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UN: Three People Who Are Making A Difference On Human Rights Day

  • Breffni O'Rourke

Mirzalay outside of her home in October (RFE/RL) UN Human Rights Day will be marked by ceremonies, cultural events, and conferences around the world tomorrow. In celebration of this occasion, RFE/RL profiles three individuals for whom the struggle for human rights is not just an idealistic cause, but a daily -- and sometimes dangerous -- reality.


Prague, 9 December 2005 (RFE/RL) -- Belgrade is not an easy city to live in for someone dedicated to uncovering war crimes committed by Serbs during the Yugoslav wars of the 1990s.

For Natasa Kandic, threats against her personal safety are an almost daily occurrence.

Kandic is sometimes described as the most hated woman in the Serbian capital. She works to bring war crimes perpetrators to justice through her organization, called the Humanitarian Law Fund.

Kandic says she and her colleagues are harassed in public: "Those people in the street assail us with offensive words. They have a repertory that is hard to repeat, especially having in mind our culture, with a tradition of using curse words to a greater extent toward a woman than toward a man with whom you disagree."

This is the land where fugitive Bosnian Serb wartime leaders like Radovan Karadzic and Ratko Mladic still find strong popular support, despite being the most prominent indictees at the UN War Crimes Tribunal in The Hague.

But still Kandic persists, and attends every public forum where the issue of war crimes might arise.

Let's now journey to the mountains of Daghestan, the Russian republic in the North Caucasus. We meet there with an 85-year- old woman, Mirzalay, who lives in the village of Keleb in the Shamilsky District.

Mirzalay is a lifelong composer and singer of songs. What is so unusual about that? Well, for a woman to sing in public in Daghestan was for generations considered disgraceful, and more than one woman doing so met her death at the hands of an outraged husband or male relative.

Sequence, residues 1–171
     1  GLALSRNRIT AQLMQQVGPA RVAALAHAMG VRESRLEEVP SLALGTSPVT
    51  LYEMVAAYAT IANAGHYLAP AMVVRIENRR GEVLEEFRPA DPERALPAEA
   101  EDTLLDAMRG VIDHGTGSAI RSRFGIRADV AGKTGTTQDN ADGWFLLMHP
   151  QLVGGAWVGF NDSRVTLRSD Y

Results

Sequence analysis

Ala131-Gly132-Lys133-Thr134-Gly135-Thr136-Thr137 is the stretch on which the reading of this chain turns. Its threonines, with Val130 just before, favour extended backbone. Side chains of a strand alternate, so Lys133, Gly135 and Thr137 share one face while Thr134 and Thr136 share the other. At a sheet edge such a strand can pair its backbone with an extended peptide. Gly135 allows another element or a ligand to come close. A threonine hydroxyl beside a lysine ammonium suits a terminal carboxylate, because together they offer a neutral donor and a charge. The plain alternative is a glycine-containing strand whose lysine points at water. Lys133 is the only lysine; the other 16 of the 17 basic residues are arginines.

Mirzalay has written and performed songs for most of her life -- and has suffered the consequences.

Mirzalay married before World War II, but when her husband returned, his family demanded he leave Mirzalay because of her singing. He obeyed his father and found another wife. To add to the tragedy, Mirzalay's only child died of starvation.

In each stage of her long and difficult life, she has translated her sorrow into what are called songs of destiny.

Today, the social atmosphere in Daghestan has changed, partly as a result of the persistence of women like Mirzalay. Singing is now popular rather than disgraceful. Younger people visit Mirzalay in her mountain hut and sing their own compositions to her, or show how they have interpreted her works.

She now dedicates her songs to the new generation of Daghestani women, and considers them the most valuable things she could give them.

For our final example of how one individual can impact their human rights environment, let's return to Europe, to the
independence-seeking Serbian province of Kosovo.

Seventeen-year-old Fatmire Feka is a member of Kosovo's majority ethnic Albanian community. As a child, she knew the horrors of the war with the Serbs: "I survived the war. I survived many difficult things. I've seen corpses and people getting killed. As children, we did not know what was going on, but mother used to say, they are asleep. It was a very difficult situation, not only for me, but for everybody. Our biggest pain is [the loss] of my sister and brother. It is like your heart being cut in half."

Feka says that at the age of 11, she had no idea of the meaning of the word peace. Then she met Canadian peace activist Rudi Scalert from World Vision, a Christian humanitarian organization. She was deeply moved by what he said, and she resolved to help.

First, she had to overcome the mind-set created by war: "It was very difficult for me and my parents because of our own experience during the war. We couldn't say 'yes' to peace. With my engagement, I started to take part in some conferences and meetings, organized within Kosovo. All of them were on peace, but the participants were grown-ups. I was the only child."

In 2002, when she was 14, Feka began a project to develop Children For Peace clubs. By the following year, eight clubs were running in five Kosovo districts. Today, more than 350 children of different ethnic origins are members. There are also another four clubs called Youth For Peace.

No wonder Feka had the distinction of being nominated for the Nobel Peace Prize.

(This report was compiled by RFE/RL's Breffni O'Rourke with the assistance of Milos Teodorovic and Bekim Bislimi of RFE/RL's South Slavic and Albanian Languages Service, and Patimat Gitinova of RFE/RL's North Caucasus Service.)

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